On July 26, 1945, the USS Indianapolis (CA-35)
delivered key components for the world’s first operational
atomic bomb to the island of Tinian in the South Pacific. After
completing this mission, the cruiser proceeded to the Philippines,
to participate in war activities and the pending invasion of Japan.
A few minutes after midnight on July 30, 1945,
the USS Indianapolis was torpedoed by the Japanese submarine
I-58 and sank into the sea in just 12 minutes, taking 297 men with
her. Approximately 900 of the original 1,197 men on board were
left floating in darkness, without lifeboats, in shark-infested
waters. Due to communications problems, the ship was never missed.
By the time the survivors were spotted by chance four and a half
days later, only 317 were left; the other crew members were victims
of injury, exposure and shark attacks.
The USS Indianapolis deserves a place
in history not just as one of the worst at sea naval disasters
in history, but also for its pivotal role during and at the ending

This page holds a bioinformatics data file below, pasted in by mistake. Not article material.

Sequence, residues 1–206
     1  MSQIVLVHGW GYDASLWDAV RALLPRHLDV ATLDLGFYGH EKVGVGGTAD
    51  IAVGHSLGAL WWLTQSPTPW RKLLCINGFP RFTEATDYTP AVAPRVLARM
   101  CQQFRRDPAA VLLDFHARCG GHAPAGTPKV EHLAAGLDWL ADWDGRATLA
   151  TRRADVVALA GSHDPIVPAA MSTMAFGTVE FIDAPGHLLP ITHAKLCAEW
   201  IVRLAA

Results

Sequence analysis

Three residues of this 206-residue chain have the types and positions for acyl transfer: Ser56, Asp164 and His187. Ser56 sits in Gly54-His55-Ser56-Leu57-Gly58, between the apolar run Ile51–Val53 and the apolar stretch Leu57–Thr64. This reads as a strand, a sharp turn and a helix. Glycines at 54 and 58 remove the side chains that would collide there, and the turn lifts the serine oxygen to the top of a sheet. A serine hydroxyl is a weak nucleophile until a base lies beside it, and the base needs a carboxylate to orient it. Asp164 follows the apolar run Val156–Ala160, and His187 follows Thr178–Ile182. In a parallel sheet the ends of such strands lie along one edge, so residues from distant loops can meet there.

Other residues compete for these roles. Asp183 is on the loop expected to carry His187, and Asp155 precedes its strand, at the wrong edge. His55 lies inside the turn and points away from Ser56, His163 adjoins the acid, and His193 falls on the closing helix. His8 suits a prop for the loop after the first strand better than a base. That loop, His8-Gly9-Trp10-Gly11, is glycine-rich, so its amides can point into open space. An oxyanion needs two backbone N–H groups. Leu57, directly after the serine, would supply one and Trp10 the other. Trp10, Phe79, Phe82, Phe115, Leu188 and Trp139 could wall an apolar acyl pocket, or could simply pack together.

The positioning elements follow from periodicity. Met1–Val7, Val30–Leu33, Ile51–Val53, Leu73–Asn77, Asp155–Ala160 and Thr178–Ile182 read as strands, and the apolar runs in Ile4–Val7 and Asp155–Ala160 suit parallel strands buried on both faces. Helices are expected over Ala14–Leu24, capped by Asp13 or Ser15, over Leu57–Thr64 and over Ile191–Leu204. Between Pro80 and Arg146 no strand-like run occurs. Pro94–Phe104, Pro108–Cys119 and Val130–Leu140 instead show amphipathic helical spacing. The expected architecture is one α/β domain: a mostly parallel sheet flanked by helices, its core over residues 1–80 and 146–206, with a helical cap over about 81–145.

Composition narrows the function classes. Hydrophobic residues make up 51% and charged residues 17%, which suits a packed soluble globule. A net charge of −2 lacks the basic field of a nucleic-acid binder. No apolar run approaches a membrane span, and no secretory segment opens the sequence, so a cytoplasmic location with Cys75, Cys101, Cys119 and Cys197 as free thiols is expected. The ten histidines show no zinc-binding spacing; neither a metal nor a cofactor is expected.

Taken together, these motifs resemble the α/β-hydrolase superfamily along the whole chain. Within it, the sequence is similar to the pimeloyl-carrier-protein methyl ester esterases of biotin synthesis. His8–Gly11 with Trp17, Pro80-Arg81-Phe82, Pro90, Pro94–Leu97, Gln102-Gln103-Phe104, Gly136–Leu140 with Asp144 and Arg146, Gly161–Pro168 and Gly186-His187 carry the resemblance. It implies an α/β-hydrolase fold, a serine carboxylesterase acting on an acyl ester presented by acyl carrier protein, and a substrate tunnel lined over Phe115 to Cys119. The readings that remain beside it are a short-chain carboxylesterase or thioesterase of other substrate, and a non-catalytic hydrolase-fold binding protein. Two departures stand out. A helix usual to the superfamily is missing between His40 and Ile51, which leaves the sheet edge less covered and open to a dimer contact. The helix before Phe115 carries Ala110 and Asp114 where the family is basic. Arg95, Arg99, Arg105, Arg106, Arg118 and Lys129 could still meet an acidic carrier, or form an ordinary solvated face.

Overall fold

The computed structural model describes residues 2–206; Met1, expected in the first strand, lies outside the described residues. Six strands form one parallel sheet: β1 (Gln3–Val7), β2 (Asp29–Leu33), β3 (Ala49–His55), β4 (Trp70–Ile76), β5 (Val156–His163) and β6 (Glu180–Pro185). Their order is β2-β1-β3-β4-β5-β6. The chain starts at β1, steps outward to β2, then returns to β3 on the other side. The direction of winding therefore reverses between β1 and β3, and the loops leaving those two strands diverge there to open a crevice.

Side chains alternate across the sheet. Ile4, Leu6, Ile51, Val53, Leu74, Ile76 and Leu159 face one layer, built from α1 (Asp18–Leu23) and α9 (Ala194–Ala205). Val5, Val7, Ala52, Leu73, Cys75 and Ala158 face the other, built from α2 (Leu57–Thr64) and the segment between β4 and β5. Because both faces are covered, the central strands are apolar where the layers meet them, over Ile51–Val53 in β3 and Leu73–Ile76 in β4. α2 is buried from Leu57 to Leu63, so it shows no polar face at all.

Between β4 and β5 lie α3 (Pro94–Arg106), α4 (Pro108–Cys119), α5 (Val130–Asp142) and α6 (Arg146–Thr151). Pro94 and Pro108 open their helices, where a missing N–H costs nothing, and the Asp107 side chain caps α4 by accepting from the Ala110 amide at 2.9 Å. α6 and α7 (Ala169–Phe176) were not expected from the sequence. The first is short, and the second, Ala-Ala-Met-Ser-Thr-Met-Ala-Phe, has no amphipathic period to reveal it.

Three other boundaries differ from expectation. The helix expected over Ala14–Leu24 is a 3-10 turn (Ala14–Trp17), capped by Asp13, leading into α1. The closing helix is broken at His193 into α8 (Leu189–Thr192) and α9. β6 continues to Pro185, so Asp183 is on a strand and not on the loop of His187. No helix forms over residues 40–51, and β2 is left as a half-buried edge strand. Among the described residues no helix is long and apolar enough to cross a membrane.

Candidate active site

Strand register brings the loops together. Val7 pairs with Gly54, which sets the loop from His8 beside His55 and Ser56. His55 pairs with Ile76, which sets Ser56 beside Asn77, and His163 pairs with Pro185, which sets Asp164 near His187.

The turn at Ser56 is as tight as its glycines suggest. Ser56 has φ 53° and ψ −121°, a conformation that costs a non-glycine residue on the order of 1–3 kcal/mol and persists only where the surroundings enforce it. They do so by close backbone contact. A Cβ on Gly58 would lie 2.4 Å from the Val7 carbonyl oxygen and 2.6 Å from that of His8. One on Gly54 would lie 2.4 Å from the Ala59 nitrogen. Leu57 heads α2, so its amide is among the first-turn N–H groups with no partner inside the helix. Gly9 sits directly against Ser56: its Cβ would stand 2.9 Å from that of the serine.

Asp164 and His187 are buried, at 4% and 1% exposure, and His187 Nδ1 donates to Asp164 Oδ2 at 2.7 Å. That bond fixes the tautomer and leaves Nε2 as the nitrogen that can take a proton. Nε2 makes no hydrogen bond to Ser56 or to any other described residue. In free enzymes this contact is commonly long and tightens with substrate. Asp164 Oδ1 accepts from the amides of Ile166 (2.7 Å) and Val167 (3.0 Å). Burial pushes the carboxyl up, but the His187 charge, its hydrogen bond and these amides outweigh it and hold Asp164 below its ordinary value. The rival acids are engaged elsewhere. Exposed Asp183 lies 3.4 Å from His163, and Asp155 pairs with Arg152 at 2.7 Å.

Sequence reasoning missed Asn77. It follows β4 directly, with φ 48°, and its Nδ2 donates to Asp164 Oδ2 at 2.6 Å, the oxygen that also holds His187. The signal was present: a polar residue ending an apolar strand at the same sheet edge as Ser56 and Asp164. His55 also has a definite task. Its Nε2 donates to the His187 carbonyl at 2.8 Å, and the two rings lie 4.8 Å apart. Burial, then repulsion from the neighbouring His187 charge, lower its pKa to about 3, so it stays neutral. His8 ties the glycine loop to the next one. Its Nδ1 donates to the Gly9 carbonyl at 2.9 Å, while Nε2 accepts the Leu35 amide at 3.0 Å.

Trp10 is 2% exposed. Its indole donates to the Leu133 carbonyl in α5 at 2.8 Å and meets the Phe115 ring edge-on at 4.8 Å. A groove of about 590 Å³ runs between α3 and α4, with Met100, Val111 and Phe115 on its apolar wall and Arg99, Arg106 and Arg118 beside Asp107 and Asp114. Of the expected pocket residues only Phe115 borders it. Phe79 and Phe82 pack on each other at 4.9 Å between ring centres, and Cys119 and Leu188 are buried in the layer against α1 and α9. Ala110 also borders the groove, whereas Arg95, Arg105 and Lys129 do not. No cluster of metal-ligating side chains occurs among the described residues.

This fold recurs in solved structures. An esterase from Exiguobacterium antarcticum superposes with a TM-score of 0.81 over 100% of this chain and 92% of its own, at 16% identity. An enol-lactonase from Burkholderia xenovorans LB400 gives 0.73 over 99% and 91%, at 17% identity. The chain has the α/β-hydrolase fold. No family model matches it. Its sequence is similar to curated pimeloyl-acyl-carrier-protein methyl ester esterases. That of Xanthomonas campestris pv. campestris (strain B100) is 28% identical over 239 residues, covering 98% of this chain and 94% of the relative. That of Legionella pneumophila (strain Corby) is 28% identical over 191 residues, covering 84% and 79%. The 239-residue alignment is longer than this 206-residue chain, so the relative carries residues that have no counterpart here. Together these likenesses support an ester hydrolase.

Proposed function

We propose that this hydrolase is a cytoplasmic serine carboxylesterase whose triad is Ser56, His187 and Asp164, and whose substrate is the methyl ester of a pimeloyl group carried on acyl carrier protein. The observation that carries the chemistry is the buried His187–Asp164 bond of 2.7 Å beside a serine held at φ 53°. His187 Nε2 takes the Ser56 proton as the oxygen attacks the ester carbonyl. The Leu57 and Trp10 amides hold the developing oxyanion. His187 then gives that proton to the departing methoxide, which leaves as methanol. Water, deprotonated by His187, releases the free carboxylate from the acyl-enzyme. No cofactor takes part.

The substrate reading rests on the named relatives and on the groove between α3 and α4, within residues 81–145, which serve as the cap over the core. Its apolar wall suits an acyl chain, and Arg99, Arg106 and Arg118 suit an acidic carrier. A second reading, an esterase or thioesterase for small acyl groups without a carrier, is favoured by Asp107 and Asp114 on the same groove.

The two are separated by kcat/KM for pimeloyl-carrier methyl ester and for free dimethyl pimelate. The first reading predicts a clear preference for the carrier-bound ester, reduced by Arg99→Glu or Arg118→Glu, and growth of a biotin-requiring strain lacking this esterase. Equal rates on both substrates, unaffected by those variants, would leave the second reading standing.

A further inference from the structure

of World War II. The ship, a 610 foot, 9,800-ton Portland class
heavy cruiser was commissioned in 1932. She was selected
as his “Ship of State” by President Franklin D. Roosevelt.
During the war, the USS Indianapolis became the Flagship
of the Fifth Fleet, endured a Kamikaze attack and was part of some
of the most decisive battles of the war and earned 10 battle stars.
The USS Indianapolis Museum, located
in the ship’s namesake city, will provide a permanent home
for the archives, artifacts and memories of all the men who served
on this historic cruiser from 1932 to 1945.
The history of the USS Indianapolis must
be remembered and memorialized for future generations. The time
to do so is now—while some survivors are still with us. The
story must be told to educate future generations about the sacrifices
these heroes made for the "cost of freedom."
Crewmen display the Presidential
Flag below the ship's brass data plaque, as she carried President
Franklin D. Roosevelt on his "Good Neighbor" cruise to
South America in late November 1936.
The USS Indianapolis (CA-35) Museum is a
non-profit 501 c3 organization established in Indianapolis, Indiana.
Commissioning celebration Nov.
1932. (l. to r.) Mrs. W.R. Sinclair (sister of Lucy Taggert),
Evelyn Chambers (niece of Lucy Taggert), Miss Lucy Taggert,
commissioning sponsor (daughter of Senator Thomas Taggert)
and former Mayor of Indianapolis and Indianapolis Mayor, Reginald
President Franklin D. Roosevelt
on board the USS Indianapolis enters New York Harbor for
the Presidential Review of the Atlantic Fleet, 1934.
Map identifying the location
of the sinking.